Imagine writing a show – every scene, every character, every song, every direction. Imagine doing all that at the age of eight or 14 or even 17. Sound tough? Well, it’s exactly what the kids in the Summerplay Theatre Project do every year here at USF. The project, sponsored through USF’s Educational Outreach, performed The Roots of Independence Saturday and Sunday at USF’s Theatre II. This summer’s show was the culmination of three weeks of work and classes in drama, dance and music-making.
This production, conceived by the participants, covers the different ways in which independence can be defined. Even the students have different opinions on the matter.
“Growing up and being able to live by yourself, that’s independence,” said Stephanie Halsted, 15, and a seven-year veteran of the Summerplay program.
“I think it’s a whole bunch of different things,” said 14-year-old Kim Blanck, who is participating for her third year. “This show’s all about learning and relating.”
And the show does teach the audience how to relate to all kinds of different people and how they relate to each other. Through a series of skits, monologues, dance and music scenes, approximately 50 participants told the stories of intolerance, fear, comfort and free thinking.
Starting with a monologue by 11-year-old Alex Edelman, the show began on a serious tone related to “thinking outside the box.” Edelman had a hard time being heard in the theater and could have used some projection help, but his message came through. None of history’s great ideas would have come to pass if philosophers and inventors had stayed “within” the box. Edelman also lent his musical talent to the show, playing the piano in a few scenes.
“This is definitely different than my school play,” he said afterwards. The entire show flowed well, although certain parts stood out more than others.
Several of the stronger skits of the show starred Kim Blanck as Bethany and Zak Dorn as Trevor. The two characters begin as kids, discussing their parents’, and therefore their own, different views on God and creation. Trevor’s mother taught him that humans evolved from apes, while Bethany’s family is devoutly religious. The two characters and their relationships grow through adolescence and their teen-age years.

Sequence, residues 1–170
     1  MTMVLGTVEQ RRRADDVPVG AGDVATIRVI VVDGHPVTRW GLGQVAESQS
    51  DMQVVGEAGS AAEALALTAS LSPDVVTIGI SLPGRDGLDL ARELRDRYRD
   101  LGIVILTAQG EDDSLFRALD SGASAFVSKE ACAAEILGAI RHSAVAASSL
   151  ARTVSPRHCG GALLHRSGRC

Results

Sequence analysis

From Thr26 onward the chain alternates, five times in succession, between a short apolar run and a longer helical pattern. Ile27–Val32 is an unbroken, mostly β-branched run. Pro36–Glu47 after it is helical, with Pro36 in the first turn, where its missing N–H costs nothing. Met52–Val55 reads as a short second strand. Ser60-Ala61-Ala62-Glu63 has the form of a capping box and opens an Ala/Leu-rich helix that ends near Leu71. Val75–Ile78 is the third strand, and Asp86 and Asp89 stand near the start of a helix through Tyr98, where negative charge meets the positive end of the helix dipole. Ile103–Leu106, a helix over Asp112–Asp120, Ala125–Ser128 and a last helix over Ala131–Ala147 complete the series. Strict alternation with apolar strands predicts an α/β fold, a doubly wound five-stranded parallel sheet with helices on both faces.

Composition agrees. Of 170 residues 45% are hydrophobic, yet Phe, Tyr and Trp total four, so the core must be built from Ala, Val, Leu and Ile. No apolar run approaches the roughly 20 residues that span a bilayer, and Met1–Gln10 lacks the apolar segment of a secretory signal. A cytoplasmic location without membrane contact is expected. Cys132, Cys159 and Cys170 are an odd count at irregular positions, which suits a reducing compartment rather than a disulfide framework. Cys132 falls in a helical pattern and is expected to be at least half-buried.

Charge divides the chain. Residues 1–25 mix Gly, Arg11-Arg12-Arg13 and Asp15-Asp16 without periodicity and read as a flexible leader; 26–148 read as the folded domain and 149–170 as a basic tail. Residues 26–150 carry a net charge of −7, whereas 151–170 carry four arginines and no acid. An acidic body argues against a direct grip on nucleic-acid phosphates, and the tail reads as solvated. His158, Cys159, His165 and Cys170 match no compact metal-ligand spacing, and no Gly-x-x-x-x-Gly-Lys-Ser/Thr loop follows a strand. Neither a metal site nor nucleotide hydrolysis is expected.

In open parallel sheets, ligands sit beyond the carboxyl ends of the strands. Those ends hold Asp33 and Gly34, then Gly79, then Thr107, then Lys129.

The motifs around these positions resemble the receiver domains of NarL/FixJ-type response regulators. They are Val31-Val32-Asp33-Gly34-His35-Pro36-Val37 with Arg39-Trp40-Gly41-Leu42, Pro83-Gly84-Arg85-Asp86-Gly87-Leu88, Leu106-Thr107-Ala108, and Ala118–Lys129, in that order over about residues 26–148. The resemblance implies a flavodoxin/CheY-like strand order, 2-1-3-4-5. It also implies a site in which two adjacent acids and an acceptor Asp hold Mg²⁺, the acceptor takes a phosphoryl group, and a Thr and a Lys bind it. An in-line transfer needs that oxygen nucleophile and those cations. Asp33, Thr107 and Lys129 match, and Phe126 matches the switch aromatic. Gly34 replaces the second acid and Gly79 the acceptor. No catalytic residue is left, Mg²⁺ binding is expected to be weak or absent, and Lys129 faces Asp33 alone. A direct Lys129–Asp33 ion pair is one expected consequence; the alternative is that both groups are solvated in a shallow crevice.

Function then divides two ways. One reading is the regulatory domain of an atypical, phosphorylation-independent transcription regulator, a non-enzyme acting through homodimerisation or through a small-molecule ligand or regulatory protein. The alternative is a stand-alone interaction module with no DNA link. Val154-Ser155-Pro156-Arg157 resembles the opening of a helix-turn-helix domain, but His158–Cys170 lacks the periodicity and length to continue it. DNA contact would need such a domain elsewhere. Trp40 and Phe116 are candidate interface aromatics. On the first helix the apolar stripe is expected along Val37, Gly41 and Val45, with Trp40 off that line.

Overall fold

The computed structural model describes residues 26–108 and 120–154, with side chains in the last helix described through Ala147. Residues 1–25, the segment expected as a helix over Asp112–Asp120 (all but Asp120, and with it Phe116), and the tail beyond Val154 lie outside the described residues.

When they are finally old enough to think for themselves, the two have a falling out and don’t speak to each other for years. The final scene involving these characters is Trevor’s funeral at which Bethany speaks, wondering when exactly it was that the two of them became “blind to acceptance.”
Zak Dorn as Trevor is at once child-like and rightly indignant as his beliefs are challenged. Blanck does an excellent job of transitioning from a young child to a teen-ager to an adult, and the chemistry between the two was comfortable and the most convincing of any in the show.
The most biting and relevant scene in the show was the political satire starring Halsted and eight other members of the ensemble. McDonald’s, Wal-Mart and Ford, along with the Olsen twins, were the butt of the jokes. The skit also took a poke at the overabundance of patriotism that has invaded the country since Sept. 11. For older audience members, this was one of the most enjoyable and sarcastic skits of the production.
Overall, the show was an amazing success for three weeks’ worth of work and the creativity and improvisation of the children involved.
Matthew Kish, a five-year veteran of the program said, “You don’t think about it until you’re actually doing it, but it takes a lot to write a show and figure out what the main scenes are going to be.”
The hard work was evident and it paid off. While the show did have some shining stars, all the kids should be proud of the hard work they have done and what they managed to accomplish in just three weeks.
But, perhaps the greatest success of the show is that it allows the program participants to practice what they preach. Very few summer camp programs allow the participants such control when planning its final outcome. Thanks to Jean Calandra, coordinator for the Summerplay Theatre Project and all the other creative people who work with her, the kids got to not only espouse free thinking and independence, they got to live it.